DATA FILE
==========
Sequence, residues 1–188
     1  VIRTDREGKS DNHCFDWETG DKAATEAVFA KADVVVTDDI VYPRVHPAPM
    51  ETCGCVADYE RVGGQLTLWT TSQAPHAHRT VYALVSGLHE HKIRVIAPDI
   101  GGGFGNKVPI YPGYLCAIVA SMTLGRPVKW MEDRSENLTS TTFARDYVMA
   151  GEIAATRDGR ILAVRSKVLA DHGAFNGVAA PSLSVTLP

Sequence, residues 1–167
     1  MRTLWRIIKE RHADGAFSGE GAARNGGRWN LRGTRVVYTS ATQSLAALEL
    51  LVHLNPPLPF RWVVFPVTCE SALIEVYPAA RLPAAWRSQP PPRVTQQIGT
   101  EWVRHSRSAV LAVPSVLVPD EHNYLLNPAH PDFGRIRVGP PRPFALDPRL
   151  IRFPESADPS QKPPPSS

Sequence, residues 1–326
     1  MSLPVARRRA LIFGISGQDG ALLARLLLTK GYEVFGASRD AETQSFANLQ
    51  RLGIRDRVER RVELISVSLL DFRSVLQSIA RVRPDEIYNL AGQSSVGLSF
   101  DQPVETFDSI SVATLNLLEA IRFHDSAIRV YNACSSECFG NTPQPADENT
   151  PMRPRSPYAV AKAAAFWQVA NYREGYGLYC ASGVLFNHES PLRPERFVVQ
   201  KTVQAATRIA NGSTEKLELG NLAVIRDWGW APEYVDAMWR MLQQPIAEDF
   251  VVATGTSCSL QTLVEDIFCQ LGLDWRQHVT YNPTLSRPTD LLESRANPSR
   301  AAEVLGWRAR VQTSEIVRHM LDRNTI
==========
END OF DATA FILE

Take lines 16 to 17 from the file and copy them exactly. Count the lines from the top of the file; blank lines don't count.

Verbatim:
   201  KTVQAATRIA NGSTEKLELG NLAVIRDWGW APEYVDAMWR MLQQPIAEDF
   251  VVATGTSCSL QTLVEDIFCQ LGLDWRQHVT YNPTLSRPTD LLESRANPSR